The U.S. has finally entered the First World War and scheduled the first draft lottery. No one in Boynton, Oklahoma, is unaffected by the clash between rabid pro-war, anti-immigrant "patriots" and anti-conscription socialists who are threatening an uprising rather than submit to the draft.
Alafair Tucker is caught in the middle when her brother, a union organizer for the Industrial Workers of the World, pays her a visit. Rob Gunn is fresh out of an internment camp for participants in an Arizona miners' strike. He assures Alafair that he's only come to visit family, but she's not convinced. More unsettling, Alafair's eldest son enlists, and a group calling itself the "Knights of Liberty" vandalizes the farm of Alafair's German-born son-in-law.
Alafair's younger son, 16-year-old Charlie, is wildly patriotic and horrified by his socialist uncle. With his father's permission, Charlie takes a part-time war job at the Francis Vitric Brick Company. Soon several suspicious machine breakdowns delay production, and a couple of shift supervisors are murdered. Everyone in town suspects sabotage, some blaming German spies, others blaming the unionists and socialists. But Charlie Tucker is sure he knows who the culprit is and comes up with a plan to catch him red-handed.
And then there is old Nick - a mysterious guy in a bowler hat who's been hanging around town.
About the Author
Donis Casey is the author of ten Alafair Tucker Mysteries: The Old Buzzard Had It Coming , Hornswoggled , The Drop Edge of Yonder , The Sky Took Him , Crying Blood , The Wrong Hill to Die On , Hell With the Lid Blown Off , All Men Fear Me , The Return of the Raven Mocker , and Forty Dead Men. This award-winning series, featuring the sleuthing mother of ten children, is set in Oklahoma during the booming 1910s. Donis has twice won the Arizona Book Award for her series, and been a finalist for the Willa Award and a seven-time finalist for the Oklahoma Book Award. Her first novel, The Old Buzzard Had It Coming , was named an Oklahoma Centennial Book in 2008. Donis is a former teacher, academic librarian, and entrepreneur. She lives in Tempe, Arizona.
Read an Excerpt
All Men Fear Me
An Alafair Tucker Mystery
By Donis Casey
Poisoned Pen PressCopyright © 2015 Donis Casey
All rights reserved.
"The world must be made safe for democracy."
— President Woodrow Wilson, April 2, 1917
Old Nick had been following the traveler ever since he left the detention camp back in New Mexico. It wasn't that the traveler made a particularly appealing target himself, but everywhere this fellow went, trouble followed in his wake. And trouble was Nick's food and drink.
The minute President Wilson had asked Congress to get the country involved in the endless blood-soaked war going on in Europe, Nick had smelled the ugly stench of hysteria and reached for his tool kit. His blades were sharp and his armaments were oiled and ready. Discord had been sown far and wide, and Nick had had plenty of work to keep him happy.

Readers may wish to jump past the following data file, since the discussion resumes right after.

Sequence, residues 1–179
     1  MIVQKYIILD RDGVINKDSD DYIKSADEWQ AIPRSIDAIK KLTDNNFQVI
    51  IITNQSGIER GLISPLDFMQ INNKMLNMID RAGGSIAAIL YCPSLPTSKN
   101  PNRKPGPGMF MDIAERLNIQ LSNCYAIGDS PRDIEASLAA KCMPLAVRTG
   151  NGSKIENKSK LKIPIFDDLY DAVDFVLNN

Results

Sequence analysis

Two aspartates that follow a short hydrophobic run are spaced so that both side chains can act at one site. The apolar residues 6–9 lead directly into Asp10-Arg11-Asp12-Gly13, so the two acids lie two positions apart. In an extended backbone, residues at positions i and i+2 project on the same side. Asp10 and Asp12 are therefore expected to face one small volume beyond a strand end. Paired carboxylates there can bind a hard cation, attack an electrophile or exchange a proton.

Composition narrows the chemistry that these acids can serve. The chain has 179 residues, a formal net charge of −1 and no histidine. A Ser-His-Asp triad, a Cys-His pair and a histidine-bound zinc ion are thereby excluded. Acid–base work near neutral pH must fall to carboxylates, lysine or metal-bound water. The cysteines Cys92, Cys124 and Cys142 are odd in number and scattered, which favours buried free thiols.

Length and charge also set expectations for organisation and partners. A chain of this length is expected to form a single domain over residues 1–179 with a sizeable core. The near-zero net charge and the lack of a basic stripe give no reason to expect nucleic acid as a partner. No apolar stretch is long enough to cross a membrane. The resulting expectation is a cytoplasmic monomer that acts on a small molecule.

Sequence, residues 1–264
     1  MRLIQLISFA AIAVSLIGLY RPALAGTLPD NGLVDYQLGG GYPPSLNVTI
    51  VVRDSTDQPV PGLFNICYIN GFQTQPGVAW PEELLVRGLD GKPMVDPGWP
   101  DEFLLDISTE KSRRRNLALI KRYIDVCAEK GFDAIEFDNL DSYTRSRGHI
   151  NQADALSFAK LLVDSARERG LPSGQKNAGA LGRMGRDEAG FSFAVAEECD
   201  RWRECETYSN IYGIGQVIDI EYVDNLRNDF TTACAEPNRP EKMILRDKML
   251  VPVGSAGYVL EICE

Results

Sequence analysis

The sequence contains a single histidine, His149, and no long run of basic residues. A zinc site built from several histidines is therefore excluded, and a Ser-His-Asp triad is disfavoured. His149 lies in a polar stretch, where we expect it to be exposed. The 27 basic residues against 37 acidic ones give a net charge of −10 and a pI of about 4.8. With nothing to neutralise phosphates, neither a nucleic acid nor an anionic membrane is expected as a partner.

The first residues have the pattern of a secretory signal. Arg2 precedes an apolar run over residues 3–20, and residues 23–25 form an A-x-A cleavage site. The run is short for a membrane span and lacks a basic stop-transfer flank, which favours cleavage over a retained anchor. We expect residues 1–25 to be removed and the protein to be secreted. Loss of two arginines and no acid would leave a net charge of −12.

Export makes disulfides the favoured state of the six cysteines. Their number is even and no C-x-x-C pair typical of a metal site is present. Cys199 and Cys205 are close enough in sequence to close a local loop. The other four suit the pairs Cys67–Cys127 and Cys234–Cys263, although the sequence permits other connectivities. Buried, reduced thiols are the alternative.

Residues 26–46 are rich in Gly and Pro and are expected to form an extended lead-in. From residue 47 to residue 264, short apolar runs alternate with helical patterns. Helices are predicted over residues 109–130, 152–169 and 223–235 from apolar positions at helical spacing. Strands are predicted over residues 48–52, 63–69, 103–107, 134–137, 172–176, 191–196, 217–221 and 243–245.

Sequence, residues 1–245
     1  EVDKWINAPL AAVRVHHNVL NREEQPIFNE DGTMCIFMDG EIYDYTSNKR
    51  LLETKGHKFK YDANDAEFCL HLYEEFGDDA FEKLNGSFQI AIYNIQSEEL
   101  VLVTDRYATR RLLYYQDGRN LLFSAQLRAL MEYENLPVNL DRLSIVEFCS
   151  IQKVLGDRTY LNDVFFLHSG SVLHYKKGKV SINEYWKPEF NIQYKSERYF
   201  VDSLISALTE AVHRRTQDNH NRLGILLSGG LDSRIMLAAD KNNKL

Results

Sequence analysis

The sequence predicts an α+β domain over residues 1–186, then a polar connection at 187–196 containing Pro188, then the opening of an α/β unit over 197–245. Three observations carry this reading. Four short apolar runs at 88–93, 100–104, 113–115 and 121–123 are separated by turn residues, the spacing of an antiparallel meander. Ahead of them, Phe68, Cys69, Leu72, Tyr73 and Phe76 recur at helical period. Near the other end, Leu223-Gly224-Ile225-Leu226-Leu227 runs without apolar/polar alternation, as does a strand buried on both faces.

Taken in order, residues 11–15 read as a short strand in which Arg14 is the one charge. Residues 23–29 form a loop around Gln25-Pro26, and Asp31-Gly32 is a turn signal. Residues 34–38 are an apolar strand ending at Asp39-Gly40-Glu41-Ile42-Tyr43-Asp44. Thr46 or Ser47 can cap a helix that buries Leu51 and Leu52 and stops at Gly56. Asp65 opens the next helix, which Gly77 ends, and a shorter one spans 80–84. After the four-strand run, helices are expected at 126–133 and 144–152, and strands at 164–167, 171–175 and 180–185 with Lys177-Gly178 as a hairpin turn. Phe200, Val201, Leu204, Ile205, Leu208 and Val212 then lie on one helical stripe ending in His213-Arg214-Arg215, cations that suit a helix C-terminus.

The miners' strike down in Arizona had drawn old Nick like a fly to manure, and he had been so busy maintaining disorder that at first he hadn't noticed the slender man in the thick of it all. The traveler was of middle height, and lightly built, his appearance unremarkable, except for a russet beard liberally streaked with gray, and sharp dark eyes.
On a morning in early July, Nick joined the armed posse that roused the striking miners from their beds, and helped cram them into twenty-three sweltering cattle cars to deport the troublemakers out of Arizona. Nick enthusiastically arrested anyone who looked like a miner and a couple of men who didn't, and helped himself to some of their property along the way. He volunteered to man the machine gun guarding the deportees and spent the entire trip to New Mexico basking in the miners' fear and fury as they were carried to their unknown fate. By the time they reached the barbed wire camps in New Mexico, the ardor of most of the detainees had flickered and waned. But the bearded traveler's fire of determination burned bright as ever. This one would go his own way until the end, and Nick knew that whenever a man's beliefs rubbed against the grain, sparks were bound to fly.
A few days later, as soon as his union lawyer got him sprung from internment, the traveler had headed straight for the train station at Hermanas and bought a ticket for Muskogee, Oklahoma. The strike was broken, and most of the strikers were broken as well. Nick knew there was little work left for him in the camp. So he scratched the little white scar beside his eye, set his bowler hat upon his head, and boarded the train behind the traveler. He knew the traveler wasn't going to notice him. No one ever noticed old Nick. Especially not a man whose eyes were blinded by the fire of true belief.CHAPTER 2
"If there should be disloyalty, it will be dealt with a firm hand of repression."
— President Woodrow Wilson, April 2, 1917
The traveler stood at the head of the alley and watched the ruckus for a long time, trying to decide whether or not to get involved. He thought not. He had just been passing by on his way from the hotel to the Muskogee train station when he heard the commotion and stopped to take a look. He wished he hadn't.
It was barely light and the sun not even up and he wasn't in the mood for a fight. He didn't much like the idea of two ganging up against one, but the blond-haired youngster seemed to be holding his own all right. Besides, it wasn't any of his business.
He had had enough strife to last him a while, and he expected he'd soon have a passel more before much longer, so he didn't see any reason to borrow trouble if he didn't have to. He had a train to catch. He was just about to move on when the fat brawler got the young man down on the bricks and started pummeling him around the head.
"Damn Red!" the fat man hollered. His skinny companion grabbed up a length of board from the end of the alley and headed over to finish the job.